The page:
‘Non-stupid people always underestimate the damaging power of stupid individuals. In particular, non-stupid people constantly forget that at all times and places, and under any circumstances, to deal and/or associate with stupid people always turns out to be a costly mistake. — Carlo Cipolla
What defines intelligence? Is it a measurable characteristic such as IQ score, vocabulary, numeracy, or the ability to use analogies? Is it shown by external factors such as academic qualifications or career success? Or is it in some immeasurable characteristic such as emotional, interpersonal, intrapersonal, or naturalistic intelligence? I do not know. But the Italian historical economist Carlo M. Cipolla had a theory. Not only is it good as anyone else’s — but it is also depressingly prescient of the current state of America.
In the 1970s, Cipolla circulated two non-technical essays among his friends. One, “The Role of Spices (and Black Pepper in Particular) in Medieval Economic Development” (1973), traces the correlation between spice imports and population expansion in the late Middle Ages, postulating causation due to a supposed aphrodisiac effect of black pepper.
The second, and the one of interest here, is “The Basic Laws of Human Stupidity”. In it, Cipolla formulated his five fundamental laws of human stupidity:
- Always and inevitably, everyone underestimates the number of stupid individuals in circulation.
- The probability that a certain person (will) be stupid is independent of any other characteristic of that person.
- A stupid person is a person who causes losses to another person or to a group of persons while himself deriving no gain and even possibly incurring losses.
- Non-stupid people always underestimate the damaging power of stupid individuals. In particular, non-stupid people constantly forget that at all times and places, and under any circumstances, to deal and/or associate with stupid people always turns out to be a costly mistake.
- A stupid person is the most dangerous type of person.
Essentially he proposes two things. First, we underestimate the number of stupid people because we assume that some people are necessarily not stupid – people such as business executives, doctors, and other professionals, people who have college degrees or teach, or the well-spoken. Second, non-stupid people underestimate how much damage stupid people will do.
This raises the question, how do you decide who is stupid? For Cipolla, actions are all that count. He says intelligence or stupidity is not determined by our inherent qualities but rather by the consequences of our deeds.
He asks if the effects of someone’s actions are beneficial or detrimental for that person? And are the effects beneficial or detrimental for everyone else?
This leads to four possibilities
A: An individual’s actions benefit both themselves and others. He calls these people Intelligent
B: An individual’s actions benefit them and hurt others. He calls these people Bandits
C: An individual’s actions benefit others but not themselves. These people are the Helpless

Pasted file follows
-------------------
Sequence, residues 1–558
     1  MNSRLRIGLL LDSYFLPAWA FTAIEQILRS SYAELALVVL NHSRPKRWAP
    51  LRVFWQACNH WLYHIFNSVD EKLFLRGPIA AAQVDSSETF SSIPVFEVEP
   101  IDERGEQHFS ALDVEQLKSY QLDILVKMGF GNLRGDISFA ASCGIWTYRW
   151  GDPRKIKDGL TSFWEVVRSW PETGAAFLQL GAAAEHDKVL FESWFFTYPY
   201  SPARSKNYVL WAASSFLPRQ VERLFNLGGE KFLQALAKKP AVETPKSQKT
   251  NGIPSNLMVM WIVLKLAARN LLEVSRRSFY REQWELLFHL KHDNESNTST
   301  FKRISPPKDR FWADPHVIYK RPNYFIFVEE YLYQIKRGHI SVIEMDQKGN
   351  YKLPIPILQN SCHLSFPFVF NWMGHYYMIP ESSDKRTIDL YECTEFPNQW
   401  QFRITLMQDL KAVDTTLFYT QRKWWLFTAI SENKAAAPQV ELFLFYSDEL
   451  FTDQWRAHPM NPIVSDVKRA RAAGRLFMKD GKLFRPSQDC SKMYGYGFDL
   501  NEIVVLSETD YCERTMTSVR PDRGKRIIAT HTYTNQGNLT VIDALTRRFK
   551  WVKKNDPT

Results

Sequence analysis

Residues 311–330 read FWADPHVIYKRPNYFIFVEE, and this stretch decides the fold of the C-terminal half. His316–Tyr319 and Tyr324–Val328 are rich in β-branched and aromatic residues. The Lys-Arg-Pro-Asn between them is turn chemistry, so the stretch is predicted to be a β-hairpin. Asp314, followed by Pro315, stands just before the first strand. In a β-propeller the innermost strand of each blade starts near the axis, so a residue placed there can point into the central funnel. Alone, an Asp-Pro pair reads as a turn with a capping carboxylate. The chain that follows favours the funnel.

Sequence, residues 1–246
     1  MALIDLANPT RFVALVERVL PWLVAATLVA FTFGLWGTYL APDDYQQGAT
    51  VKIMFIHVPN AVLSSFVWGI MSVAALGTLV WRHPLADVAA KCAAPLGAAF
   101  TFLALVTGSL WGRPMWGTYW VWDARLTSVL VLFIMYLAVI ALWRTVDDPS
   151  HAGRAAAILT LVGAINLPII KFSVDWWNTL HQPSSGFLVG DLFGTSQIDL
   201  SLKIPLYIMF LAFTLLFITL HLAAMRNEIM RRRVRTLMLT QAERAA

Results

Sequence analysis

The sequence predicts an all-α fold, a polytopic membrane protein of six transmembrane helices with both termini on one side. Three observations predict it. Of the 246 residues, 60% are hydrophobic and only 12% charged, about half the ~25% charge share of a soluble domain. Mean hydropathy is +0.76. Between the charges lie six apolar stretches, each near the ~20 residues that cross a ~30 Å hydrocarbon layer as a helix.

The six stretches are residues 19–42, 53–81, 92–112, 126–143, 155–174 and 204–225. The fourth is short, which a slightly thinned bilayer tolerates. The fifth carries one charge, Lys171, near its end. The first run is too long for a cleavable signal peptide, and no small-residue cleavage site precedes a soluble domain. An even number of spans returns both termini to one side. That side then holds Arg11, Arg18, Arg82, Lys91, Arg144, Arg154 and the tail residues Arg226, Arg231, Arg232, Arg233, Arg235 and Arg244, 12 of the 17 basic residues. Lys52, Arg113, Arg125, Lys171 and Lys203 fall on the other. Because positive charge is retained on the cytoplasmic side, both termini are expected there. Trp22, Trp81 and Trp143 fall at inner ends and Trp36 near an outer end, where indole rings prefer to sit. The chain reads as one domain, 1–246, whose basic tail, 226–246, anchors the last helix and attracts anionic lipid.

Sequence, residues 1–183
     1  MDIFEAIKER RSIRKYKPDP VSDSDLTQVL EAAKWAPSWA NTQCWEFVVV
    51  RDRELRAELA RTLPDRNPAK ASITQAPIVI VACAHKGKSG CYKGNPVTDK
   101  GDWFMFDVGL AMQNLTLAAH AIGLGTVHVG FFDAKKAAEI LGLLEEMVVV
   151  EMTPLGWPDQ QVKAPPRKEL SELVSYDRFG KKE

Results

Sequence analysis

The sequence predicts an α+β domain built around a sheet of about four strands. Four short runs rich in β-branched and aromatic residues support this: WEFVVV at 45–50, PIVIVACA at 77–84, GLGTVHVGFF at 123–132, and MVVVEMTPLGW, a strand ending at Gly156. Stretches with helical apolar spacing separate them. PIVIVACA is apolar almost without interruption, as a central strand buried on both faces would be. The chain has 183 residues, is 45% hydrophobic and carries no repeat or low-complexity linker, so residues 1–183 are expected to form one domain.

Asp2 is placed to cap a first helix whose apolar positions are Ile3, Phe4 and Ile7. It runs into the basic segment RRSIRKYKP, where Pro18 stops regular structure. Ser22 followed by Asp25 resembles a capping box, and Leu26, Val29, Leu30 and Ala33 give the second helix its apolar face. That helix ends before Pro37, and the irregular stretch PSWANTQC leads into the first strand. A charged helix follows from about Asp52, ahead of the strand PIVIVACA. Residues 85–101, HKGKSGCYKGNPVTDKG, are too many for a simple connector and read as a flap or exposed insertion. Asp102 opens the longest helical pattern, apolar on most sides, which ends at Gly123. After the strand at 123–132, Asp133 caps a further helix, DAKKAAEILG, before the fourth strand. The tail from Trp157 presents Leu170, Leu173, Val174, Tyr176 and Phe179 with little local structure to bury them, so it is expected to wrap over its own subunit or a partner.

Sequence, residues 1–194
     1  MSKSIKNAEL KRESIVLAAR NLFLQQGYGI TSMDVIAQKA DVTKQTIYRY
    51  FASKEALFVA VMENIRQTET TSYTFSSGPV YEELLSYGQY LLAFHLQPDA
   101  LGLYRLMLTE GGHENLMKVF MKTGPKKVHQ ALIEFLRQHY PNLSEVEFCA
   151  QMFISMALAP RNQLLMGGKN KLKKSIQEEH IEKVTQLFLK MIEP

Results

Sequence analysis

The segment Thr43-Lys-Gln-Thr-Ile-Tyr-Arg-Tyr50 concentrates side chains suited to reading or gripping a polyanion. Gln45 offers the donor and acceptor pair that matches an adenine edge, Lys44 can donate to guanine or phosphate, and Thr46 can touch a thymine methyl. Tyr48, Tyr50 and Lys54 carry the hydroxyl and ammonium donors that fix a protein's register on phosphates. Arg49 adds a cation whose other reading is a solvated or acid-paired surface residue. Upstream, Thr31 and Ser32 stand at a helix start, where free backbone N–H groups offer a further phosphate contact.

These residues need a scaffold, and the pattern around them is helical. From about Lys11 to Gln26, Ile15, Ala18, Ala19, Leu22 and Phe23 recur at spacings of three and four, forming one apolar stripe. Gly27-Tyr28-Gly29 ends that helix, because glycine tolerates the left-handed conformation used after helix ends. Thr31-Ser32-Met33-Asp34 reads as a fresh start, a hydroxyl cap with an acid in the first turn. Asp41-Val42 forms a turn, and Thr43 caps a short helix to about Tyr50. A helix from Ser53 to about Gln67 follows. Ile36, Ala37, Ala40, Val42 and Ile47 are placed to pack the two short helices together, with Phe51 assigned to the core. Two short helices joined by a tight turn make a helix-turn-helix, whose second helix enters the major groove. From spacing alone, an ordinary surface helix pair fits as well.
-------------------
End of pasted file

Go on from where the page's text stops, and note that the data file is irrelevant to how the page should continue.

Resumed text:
D: An individual’s actions benefit neither themselves nor others. And these are the Stupid
Here are the four possibilities pictured on a graph:
In an ideal world, society would comprise just ‘intelligent people’, who would be doing things that benefited both them and others. Adding ‘helpless people’ would not hurt the intelligent, even if the helpless people did not act in their self-interest. And we should not dismiss them, as altruists fall into this category.
But on the downside, we too often assume the real danger to society is ‘the bandits’. However, while they may be sociopathic graspers – in it only for themselves – they have an aim. Their behavior is predictable. They will not act against their self-interest. So the intelligent can write laws in an attempt to constrain them.
This leaves the people Cipolla called “the most dangerous type of person”, ‘the stupid’. These are people whose acts benefit neither others nor themselves. But unlike the bandit, the stupid person is unpredictable. They do not act in their own best interest. They do not know even how to act in their best interest — while all along thinking they are. They are the figurative bulls in a china store.
We think we know who these people are. And we are right — but only to an extent. Cipolla reminds us that stupid people might be people we assumed were intelligent. An assumption we made because they spoke well, had a good education, were quiet in their demeanor, and worked at a demanding job.
In contemporary America — as it has been throughout history — it is easy to see how the bandits use the stupid to achieve gain. But in doing so they grasp the tiger by its tail. The stupid cannot be predicted. They do not know what is in their best interest. Nor can they think for themselves. And as soon as their current Messiah or conspiracy theory source loses its appeal, God only knows who they will follow next. It is like employing rabid dogs to guard your property. Who knows who they might bite?
This is a Creative Commons article. The original version of this article appeared here.